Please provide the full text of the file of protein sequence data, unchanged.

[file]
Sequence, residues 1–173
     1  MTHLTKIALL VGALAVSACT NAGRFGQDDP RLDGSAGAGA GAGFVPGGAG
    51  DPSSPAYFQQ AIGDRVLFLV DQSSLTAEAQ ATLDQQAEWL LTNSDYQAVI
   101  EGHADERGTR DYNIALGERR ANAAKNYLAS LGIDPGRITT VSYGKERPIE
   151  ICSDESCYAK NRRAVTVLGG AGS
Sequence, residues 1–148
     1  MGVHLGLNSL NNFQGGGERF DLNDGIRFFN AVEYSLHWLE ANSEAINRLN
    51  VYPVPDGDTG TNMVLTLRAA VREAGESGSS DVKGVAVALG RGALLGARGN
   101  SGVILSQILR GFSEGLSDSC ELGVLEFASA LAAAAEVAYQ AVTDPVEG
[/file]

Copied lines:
Sequence, residues 1–173
     1  MTHLTKIALL VGALAVSACT NAGRFGQDDP RLDGSAGAGA GAGFVPGGAG
    51  DPSSPAYFQQ AIGDRVLFLV DQSSLTAEAQ ATLDQQAEWL LTNSDYQAVI
   101  EGHADERGTR DYNIALGERR ANAAKNYLAS LGIDPGRITT VSYGKERPIE
   151  ICSDESCYAK NRRAVTVLGG AGS
Sequence, residues 1–148
     1  MGVHLGLNSL NNFQGGGERF DLNDGIRFFN AVEYSLHWLE ANSEAINRLN
    51  VYPVPDGDTG TNMVLTLRAA VREAGESGSS DVKGVAVALG RGALLGARGN
   101  SGVILSQILR GFSEGLSDSC ELGVLEFASA LAAAAEVAYQ AVTDPVEG